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H1N1 Influenza Not Considered a Food Safety Risk

by 5m Editor
11 May 2009, at 9:33am

CANADA - An associate professor with the Western College of Veterinary Medicine is assuring the public, it's not possible for people to contract influenza from eating pork, reports Bruce Cochrane.

A novel strain of H1N1 Influenza A, originally identified in humans in Mexico and initially named swine flu has spread world-wide, prompting several nations to ban the import of North American pork.

Last week a statement issued by a World Health Organization representative and later retracted, which suggested pork from pigs infected with influenza is a food safety risk to humans, added to the confusion.

Dr. John Harding says the discovery of the novel stain in a central Alberta swine has confirmed the virus is capable of moving from people to pigs but influenza does not pose a food safety risk.

Dr. John Harding-Western College of Veterinary Medicine

Sick pigs in this country are not slaughtered for food.

Producers are very good at withholding sick pigs and disposing of them through other means and we have an intact and superb veterinary inspection that precedes the killing of pigs for slaughter.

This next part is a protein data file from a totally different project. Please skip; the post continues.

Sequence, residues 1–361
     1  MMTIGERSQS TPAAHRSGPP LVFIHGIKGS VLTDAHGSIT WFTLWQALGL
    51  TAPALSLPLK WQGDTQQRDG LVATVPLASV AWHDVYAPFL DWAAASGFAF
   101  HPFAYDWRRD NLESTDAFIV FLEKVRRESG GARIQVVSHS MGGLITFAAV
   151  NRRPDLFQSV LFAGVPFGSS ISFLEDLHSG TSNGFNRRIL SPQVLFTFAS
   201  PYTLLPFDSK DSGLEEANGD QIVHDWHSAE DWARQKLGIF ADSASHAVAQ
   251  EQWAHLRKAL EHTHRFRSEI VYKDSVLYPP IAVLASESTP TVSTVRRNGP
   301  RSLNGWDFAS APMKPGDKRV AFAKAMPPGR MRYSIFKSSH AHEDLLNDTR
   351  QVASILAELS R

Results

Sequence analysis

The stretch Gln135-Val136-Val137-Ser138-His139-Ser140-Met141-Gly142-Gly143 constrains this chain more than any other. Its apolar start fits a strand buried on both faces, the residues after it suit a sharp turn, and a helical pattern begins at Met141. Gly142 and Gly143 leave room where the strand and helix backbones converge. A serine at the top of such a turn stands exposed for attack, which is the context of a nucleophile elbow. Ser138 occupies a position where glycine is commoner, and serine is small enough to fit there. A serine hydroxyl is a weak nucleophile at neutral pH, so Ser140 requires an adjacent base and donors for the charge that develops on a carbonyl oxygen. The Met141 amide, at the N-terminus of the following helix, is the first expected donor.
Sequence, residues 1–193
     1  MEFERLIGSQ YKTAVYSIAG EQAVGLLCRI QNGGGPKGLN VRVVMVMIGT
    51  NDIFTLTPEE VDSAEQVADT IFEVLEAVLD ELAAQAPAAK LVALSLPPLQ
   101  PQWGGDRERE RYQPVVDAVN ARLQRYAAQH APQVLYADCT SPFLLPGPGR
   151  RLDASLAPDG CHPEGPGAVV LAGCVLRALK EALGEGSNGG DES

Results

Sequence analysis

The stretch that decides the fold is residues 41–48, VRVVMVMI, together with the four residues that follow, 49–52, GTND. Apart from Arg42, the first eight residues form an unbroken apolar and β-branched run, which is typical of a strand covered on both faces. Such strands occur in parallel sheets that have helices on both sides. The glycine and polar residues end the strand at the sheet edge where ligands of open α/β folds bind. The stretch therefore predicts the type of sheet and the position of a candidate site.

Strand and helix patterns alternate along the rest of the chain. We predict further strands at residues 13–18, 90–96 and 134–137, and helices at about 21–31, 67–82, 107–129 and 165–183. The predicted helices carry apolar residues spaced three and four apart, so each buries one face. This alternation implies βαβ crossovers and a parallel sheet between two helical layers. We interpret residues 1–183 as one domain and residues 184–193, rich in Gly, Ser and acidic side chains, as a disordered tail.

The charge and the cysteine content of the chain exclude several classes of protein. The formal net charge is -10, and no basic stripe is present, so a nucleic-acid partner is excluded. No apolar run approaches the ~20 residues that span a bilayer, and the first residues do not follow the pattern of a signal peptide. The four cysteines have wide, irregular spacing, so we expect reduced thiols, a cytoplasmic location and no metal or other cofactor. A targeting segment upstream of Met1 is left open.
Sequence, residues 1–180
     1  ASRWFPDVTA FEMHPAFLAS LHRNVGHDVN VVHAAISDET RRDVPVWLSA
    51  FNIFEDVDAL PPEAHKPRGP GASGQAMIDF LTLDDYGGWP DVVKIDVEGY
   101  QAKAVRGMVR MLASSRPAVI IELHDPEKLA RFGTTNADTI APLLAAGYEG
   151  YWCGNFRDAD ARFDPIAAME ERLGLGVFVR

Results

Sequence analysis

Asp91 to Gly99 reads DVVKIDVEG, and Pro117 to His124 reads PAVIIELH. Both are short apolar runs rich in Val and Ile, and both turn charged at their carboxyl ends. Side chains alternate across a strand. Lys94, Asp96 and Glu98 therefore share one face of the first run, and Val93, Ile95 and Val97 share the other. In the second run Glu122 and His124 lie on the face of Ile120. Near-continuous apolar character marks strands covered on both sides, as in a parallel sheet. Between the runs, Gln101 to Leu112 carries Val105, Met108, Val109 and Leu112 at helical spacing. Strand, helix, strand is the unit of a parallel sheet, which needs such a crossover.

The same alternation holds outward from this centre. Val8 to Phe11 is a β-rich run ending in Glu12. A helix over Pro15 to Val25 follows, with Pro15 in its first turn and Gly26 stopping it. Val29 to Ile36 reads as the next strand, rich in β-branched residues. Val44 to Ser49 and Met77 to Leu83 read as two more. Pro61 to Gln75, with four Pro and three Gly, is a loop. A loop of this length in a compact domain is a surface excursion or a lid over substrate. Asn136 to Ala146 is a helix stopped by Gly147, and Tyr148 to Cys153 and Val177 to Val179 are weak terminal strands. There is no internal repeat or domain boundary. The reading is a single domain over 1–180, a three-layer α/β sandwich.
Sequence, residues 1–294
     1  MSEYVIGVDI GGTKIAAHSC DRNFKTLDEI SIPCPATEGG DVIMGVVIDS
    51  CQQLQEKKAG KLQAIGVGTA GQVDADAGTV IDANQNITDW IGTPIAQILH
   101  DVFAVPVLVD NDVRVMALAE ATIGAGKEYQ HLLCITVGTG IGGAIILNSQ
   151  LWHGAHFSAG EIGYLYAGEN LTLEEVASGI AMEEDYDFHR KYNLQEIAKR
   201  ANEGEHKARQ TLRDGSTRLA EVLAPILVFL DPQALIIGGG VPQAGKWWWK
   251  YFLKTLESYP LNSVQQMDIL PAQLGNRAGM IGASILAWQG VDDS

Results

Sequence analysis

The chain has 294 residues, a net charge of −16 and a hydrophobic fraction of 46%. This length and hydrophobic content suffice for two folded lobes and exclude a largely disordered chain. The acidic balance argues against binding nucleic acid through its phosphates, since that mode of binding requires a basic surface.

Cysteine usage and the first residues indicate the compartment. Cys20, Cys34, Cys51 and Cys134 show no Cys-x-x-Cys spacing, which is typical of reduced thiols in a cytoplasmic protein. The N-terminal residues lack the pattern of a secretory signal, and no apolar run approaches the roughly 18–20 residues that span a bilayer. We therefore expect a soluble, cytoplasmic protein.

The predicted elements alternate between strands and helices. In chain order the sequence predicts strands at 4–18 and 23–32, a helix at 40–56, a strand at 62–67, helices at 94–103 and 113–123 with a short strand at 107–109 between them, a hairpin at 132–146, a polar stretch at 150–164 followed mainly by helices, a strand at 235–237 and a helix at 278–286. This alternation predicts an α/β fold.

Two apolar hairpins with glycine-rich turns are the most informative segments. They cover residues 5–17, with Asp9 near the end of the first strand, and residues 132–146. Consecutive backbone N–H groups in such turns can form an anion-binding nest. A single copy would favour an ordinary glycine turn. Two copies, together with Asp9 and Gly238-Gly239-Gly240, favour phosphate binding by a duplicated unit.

Secondly just the virus itself.

The virus is contained to lung of the pig and even healthy pigs that may be circulating a virus upon sale, there will not be any virus in the meat or will not be any virus in the blood of those pigs so it is virtually impossible for the meat to be infected with influenza virus by the time it hits the meat counter at the local retail store.

Thirdly, even if it was infected with swine flu which it's not, appropriate handling and cooking would kill the virus so there is no way that this virus ever would pose a food safety issue to the consumer.


Dr. Harding suggests the WHO comment appears to have come out of nowhere without appropriate science to back it up and, although the comment was later retracted, he believes it did harm the Canadian pork industry but hopefully the harm will be short lived.

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